Strauss, not the most tactically imaginative captain, succeeded largely because he was utterly unflappable. On the field of play, this worked extremely well – there can be no greater contrast in terms of “game face” than Strauss’s arm-folded inscrutability at slip when a carefully laid plan resulted in a bowler being smashed for three consecutive boundaries, and Andrew Flintoff’s public, near nervous breakdown in the field at Adelaide in 2006.

Cook’s Bambi-eyed demeanour doesn’t quite inspire the same confidence, though. It’s not just the on-field stuff he has to control, it’s the dressing room environment as well, the “behind closed doors” nonsense we’ve unfortunately been hearing a lot about lately. The fact that Strauss said in a televised interview before Lord’s that the dressing room tension alluded to by Pietersen “has all been a bit of a surprise to me” is rather worrying. Plainly tensions did exist, as evidenced by the “KP Genius” Twitter account set up by a friend of Stuart Broad purely for the purpose of having a laugh at Pietersen’s expense. A parody account set up by a fan is one thing; an account set up by a friend of a team mate, likely with that team mate’s knowledge, makes a mockery of the “trust and mutual respect” demanded by the England management in response to queries regarding the timescale – or indeed any possibility – of Pietersen’s reinstatement.

Graeme Swann provided another example of hypocrisy at work; he was less than complimentary about Pietersen in his autobiography, but somehow, his book – released in a print run of thousands, available in paperback now, at a WH Smith’s near you – was deemed less damaging to team unity than private texts sent to a couple of mates during a moment of pissed-off indiscretion. Given Broad is already captain of the T20 side and Swann too, for all his jack-the-lad image, has captaincy ambitions (he led the side in the absence of Broad for three T20 matches against the West Indies and India last year) it’s all starting to suggest a pack struggle, a jostling for a higher rung on the dressing room hierarchy, the kind of playground unpleasantness that too often goes hand-in-hand with a group turning on one of its own. If Andrew Strauss was unaware of this, then Alastair Cook seems even less likely to be able to keep a lid on it.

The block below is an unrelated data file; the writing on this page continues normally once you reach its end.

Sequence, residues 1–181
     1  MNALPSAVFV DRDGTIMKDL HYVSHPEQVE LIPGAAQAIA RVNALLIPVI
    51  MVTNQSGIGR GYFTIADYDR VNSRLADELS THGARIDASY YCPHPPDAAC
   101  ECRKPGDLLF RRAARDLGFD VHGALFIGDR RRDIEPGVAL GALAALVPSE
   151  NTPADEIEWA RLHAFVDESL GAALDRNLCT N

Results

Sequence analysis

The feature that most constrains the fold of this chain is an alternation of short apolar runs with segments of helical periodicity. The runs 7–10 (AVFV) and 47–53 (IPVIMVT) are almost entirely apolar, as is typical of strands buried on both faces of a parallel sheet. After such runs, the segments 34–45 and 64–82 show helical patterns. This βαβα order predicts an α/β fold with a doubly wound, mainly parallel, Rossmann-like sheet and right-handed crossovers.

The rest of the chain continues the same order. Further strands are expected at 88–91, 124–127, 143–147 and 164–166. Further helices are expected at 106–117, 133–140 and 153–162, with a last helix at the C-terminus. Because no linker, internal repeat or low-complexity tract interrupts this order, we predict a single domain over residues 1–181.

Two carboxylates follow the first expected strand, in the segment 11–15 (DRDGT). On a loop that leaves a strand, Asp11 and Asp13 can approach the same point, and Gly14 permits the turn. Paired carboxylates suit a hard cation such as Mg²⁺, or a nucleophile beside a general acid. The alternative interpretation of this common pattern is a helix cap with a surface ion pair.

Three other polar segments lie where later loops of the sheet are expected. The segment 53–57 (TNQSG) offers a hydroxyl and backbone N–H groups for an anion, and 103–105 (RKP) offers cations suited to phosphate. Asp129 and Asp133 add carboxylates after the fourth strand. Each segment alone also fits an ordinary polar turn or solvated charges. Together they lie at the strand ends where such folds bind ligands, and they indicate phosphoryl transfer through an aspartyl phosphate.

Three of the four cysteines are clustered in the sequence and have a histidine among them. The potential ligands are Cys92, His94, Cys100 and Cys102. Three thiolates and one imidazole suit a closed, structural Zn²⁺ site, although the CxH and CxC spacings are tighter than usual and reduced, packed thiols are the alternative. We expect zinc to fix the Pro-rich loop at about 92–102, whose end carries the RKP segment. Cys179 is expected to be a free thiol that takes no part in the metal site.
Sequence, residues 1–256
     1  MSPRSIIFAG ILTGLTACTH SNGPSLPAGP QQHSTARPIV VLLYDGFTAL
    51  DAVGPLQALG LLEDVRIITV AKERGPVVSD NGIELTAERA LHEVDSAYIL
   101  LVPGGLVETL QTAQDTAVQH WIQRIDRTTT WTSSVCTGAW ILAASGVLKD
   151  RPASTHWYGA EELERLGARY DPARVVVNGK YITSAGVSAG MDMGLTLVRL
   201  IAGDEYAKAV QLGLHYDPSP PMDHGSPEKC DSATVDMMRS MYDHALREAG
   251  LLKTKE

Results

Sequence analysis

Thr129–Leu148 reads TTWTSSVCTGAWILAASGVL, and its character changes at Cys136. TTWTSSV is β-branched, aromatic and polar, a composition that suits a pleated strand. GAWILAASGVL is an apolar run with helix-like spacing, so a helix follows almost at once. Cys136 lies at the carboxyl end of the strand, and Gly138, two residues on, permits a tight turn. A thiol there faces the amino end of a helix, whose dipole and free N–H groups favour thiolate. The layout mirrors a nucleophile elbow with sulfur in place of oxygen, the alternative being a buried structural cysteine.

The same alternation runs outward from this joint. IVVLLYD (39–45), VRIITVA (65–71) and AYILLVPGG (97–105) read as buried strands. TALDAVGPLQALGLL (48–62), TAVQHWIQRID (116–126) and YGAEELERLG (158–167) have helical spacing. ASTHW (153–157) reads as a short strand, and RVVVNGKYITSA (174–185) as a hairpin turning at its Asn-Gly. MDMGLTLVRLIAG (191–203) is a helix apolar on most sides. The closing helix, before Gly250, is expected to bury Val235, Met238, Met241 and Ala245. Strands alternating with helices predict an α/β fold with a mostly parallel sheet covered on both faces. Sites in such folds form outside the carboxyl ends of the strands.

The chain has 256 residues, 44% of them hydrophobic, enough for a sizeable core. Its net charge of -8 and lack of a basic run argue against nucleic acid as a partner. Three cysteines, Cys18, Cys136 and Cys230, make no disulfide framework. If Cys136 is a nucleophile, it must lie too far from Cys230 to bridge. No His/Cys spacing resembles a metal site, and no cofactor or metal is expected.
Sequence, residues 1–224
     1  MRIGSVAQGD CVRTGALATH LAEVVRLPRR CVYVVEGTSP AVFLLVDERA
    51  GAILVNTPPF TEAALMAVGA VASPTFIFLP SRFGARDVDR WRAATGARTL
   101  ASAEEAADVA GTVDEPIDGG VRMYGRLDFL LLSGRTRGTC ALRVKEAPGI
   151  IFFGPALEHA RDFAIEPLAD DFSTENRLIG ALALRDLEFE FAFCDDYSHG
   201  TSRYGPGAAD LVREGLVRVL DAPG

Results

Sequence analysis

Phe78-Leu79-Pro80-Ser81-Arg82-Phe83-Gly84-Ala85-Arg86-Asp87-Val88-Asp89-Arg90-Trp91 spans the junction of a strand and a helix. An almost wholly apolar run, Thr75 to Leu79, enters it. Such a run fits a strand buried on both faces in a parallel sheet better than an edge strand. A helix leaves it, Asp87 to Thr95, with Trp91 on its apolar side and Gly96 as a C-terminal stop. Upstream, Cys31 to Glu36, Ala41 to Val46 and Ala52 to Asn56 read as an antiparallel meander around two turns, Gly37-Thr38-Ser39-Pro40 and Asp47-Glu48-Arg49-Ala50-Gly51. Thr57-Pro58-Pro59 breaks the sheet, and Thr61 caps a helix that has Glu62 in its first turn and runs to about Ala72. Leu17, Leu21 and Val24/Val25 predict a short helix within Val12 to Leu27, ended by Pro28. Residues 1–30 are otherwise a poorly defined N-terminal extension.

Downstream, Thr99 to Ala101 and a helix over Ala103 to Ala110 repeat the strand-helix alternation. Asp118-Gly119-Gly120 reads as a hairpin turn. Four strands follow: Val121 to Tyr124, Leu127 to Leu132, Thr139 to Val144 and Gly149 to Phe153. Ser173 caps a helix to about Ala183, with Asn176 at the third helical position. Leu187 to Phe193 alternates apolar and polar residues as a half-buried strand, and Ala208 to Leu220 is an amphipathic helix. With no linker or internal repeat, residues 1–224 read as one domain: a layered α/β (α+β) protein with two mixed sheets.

The Pietersen problem is one that demands an urgent solution. Examining how the situation reached this state of urgency is instructive. How Pietersen’s very reasonable concerns over a congested international schedule degenerated via tweets and “derogatory texts” (since believed to be sent via Blackberry Messenger) into the current block-headed stalemate is an interesting study in tabloid media sensationalism, knee-jerk pettiness, mob behaviour, and group-think.

It has also demonstrated that if you repeat something often enough, it becomes accepted as truth. Take the infamous text messages, for example, reportedly sent to Pietersen’s friends in the South African team, reportedly “derogatory” towards Andrew Strauss and believed to contain encouragement to Dale Steyn to get him out, and later reported to contain advice on how to dismiss Andrew Strauss. Later, the tabloid that first broke the “exclusive” of these texts, admitted the messages contained no tactical information. Nevertheless, the damage has been done – the myth that these texts contained tactical information sent to the opposition persists on social media networks and “under the line” comments as sufficient reason for Pietersen’s permanent banishment. It has been an unsavoury, grubby saga of hearsay, leaks, innuendo and allegations, with precious little substance behind the hyperbole. Pietersen has since admitted sending texts, but the fact that it was not then – and still isn’t – known exactly what they contained while being cited in an ECB press release as a reason for his omission from the Lord’s Test is a quite staggering example of trial by tabloid in the absence of concrete proof.